It’s been nearly a decade in the making, and 5G is now a reality. Wireless carriers started rolling out 5G several years ago, and mobile 5G internet access is now widely available. But what is 5G exactly?
It may seem as though there are more questions about 5G than there are answers. Some wonder where 5G is available, and if they’ll ever see it in their city, while others are more interested in which 5G phone they should buy. And of course, there is a debate about which carrier has the best 5G phone plan.
You have questions about the latest mobile network, we have answers. Here’s everything you need to know about 5G tech today.
What is 5G technology?
Before we explain how 5G works, it’s probably a good idea to explain what 5G is. There are a lot of specifics, which we cover throughout this article, but here’s a quick primer.
What is 5G? Simply put, 5G is the 5th generation of mobile broadband that will eventually replace, or at least augment, your 4G LTE connection. With 5G, you get exponentially faster download and upload speeds. Latency, or the time it takes devices to communicate with wireless networks, will also drastically decrease.
5G networks are inherently more efficient, handling more connections per tower and faster speeds per user. 5G is also designed to work across a wider range of radio frequencies (RF), opening up new possibilities in the ultra-high mmWave (millimeter-wave) bands for carriers to expand their network offerings. Because 5G is an entirely new technology that operates on new frequencies and systems, 4G phones are incompatible with the new 5G network.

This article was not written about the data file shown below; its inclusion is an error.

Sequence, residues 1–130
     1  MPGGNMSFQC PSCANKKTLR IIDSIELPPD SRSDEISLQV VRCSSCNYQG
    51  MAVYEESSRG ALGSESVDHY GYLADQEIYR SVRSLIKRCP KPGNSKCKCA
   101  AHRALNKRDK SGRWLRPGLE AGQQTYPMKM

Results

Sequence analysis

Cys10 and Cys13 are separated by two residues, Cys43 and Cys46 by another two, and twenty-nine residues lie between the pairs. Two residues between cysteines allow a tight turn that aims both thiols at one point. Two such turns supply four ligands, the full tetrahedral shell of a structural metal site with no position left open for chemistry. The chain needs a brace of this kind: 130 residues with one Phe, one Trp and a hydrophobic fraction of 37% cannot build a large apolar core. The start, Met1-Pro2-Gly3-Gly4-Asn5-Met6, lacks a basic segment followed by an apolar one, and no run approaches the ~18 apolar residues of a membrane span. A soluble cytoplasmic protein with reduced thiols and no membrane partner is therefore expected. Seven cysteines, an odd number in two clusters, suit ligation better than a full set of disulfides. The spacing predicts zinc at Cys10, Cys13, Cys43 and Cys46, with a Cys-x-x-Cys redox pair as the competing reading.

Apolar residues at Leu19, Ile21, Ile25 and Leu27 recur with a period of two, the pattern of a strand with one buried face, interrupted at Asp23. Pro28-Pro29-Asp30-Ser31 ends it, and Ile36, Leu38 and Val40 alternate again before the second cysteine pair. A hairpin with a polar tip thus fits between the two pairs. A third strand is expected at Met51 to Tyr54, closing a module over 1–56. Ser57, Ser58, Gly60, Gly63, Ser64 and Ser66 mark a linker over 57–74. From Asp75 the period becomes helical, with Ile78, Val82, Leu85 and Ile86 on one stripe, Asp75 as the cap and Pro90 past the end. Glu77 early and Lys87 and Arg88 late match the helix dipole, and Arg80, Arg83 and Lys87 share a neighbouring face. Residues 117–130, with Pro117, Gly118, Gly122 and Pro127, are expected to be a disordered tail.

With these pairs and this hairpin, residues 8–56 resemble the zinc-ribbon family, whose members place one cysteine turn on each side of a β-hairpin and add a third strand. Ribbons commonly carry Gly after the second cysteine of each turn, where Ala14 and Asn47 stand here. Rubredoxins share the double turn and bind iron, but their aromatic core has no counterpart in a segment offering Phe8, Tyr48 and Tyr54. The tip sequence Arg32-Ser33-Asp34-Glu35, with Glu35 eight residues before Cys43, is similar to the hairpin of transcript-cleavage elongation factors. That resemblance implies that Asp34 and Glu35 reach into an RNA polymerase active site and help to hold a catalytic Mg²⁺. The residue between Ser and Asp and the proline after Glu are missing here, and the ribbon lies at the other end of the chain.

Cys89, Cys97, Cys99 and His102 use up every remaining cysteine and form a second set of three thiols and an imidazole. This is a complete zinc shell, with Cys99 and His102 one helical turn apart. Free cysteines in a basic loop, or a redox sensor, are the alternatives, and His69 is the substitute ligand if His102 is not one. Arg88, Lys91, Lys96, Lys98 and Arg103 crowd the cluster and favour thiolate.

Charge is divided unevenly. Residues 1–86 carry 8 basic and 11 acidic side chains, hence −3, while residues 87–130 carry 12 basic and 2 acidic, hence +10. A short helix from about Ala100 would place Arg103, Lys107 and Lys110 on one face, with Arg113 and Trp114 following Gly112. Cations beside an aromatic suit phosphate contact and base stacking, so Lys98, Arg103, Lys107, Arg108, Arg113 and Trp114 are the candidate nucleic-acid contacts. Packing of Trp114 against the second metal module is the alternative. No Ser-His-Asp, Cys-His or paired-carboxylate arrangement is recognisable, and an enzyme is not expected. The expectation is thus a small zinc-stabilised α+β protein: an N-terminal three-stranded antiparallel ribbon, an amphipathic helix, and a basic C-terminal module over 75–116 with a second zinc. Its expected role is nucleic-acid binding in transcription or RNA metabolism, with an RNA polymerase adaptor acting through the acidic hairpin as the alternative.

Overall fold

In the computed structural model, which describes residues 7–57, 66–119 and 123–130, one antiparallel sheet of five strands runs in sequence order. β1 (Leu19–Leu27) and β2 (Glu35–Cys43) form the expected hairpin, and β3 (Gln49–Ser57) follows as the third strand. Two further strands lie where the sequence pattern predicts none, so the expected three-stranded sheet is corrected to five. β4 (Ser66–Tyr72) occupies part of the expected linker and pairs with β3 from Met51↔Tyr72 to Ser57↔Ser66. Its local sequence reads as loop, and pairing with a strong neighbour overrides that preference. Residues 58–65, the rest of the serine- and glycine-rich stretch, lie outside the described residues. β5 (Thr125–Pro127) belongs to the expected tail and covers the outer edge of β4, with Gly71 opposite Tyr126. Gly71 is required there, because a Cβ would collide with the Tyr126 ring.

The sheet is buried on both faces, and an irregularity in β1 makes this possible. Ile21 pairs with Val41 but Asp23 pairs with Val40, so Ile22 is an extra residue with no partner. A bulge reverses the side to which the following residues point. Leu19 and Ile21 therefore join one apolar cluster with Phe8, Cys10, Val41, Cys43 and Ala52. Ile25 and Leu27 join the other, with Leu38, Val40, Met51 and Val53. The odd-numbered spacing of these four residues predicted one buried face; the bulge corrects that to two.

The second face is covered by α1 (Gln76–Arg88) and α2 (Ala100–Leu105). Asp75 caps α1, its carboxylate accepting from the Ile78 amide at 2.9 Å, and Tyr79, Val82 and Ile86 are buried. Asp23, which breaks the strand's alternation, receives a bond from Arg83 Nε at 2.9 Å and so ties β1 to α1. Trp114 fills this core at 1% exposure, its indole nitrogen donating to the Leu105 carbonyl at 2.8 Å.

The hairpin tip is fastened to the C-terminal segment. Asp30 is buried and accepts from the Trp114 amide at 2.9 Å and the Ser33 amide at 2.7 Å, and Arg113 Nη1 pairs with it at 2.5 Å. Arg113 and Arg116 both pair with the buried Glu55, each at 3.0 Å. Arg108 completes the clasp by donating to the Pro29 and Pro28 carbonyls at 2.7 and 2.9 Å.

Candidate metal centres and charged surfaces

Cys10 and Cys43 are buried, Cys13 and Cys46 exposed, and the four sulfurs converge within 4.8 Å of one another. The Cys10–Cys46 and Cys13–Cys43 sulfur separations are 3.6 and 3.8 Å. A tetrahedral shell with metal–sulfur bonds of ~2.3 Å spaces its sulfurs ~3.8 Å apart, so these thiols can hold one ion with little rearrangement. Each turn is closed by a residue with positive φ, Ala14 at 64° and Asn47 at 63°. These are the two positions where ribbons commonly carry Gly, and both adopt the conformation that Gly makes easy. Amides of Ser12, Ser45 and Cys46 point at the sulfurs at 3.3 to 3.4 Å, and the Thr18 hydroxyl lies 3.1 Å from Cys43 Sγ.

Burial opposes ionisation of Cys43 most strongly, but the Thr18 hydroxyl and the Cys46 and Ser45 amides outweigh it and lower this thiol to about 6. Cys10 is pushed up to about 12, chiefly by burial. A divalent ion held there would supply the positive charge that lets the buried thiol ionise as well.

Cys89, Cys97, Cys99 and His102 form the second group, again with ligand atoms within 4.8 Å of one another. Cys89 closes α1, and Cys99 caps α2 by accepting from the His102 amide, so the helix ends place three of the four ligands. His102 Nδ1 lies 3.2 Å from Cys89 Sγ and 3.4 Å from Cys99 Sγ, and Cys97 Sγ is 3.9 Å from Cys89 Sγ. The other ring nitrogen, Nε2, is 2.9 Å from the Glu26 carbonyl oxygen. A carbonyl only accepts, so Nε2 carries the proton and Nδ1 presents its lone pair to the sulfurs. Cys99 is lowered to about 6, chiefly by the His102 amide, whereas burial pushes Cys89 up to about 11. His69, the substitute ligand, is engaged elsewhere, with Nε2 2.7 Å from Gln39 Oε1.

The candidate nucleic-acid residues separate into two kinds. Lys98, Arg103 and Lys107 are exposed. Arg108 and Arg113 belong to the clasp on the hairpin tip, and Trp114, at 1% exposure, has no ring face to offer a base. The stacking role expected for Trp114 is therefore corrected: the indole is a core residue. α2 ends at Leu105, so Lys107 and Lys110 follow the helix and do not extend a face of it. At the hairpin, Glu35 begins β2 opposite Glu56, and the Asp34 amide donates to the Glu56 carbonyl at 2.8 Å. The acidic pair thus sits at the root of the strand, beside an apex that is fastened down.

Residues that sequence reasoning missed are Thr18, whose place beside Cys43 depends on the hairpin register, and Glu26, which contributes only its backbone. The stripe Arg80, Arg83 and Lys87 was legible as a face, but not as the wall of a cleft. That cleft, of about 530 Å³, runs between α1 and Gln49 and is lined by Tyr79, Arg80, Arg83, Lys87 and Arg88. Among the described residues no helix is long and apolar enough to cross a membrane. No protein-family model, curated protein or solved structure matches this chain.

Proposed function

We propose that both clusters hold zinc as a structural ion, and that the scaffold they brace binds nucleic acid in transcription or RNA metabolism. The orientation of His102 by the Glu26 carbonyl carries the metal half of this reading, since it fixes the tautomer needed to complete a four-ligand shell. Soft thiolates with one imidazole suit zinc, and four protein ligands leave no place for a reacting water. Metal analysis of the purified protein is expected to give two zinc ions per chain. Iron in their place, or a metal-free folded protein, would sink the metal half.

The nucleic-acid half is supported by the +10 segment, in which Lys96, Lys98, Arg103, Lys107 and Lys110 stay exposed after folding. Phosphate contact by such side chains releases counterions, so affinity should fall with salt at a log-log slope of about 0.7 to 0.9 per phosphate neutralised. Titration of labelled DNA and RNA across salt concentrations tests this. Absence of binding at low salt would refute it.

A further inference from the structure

The evolution of 5G: How we got here
5G networks started to be deployed in earnest in 2019, but the groundwork for the next-generation network was laid many years prior. The architecture of the 5G standard was set forth on 2016, at which point every company and person involved from both the network and consumer side could start making devices that were 5G standard compliant.
Obviously 5G hasn’t yet hit total market saturation, or even represents a majority of mobile traffic yet. But looking back at the history of the 4G rollout we can get an idea for how long it will take. 4G (LTE) was first deployed commercially in 2009, and didn’t go live in the U.S. until the very end of 2010. It took until 2013 for 4G to be truly mainstream in many countries, and become dominant over the old 3G networks.
Following a similar timeline, we’re still waiting for perhaps late 2022 or even 2023 for 5G to be the dominant network in most countries around the world. And it will be for many of the same reasons: 4G faced similar technical hurdles as 5G, operating on new spectrum with new technologies required on both the network and device ends — though it too brought a substantial increase in speeds over the previous-generation network.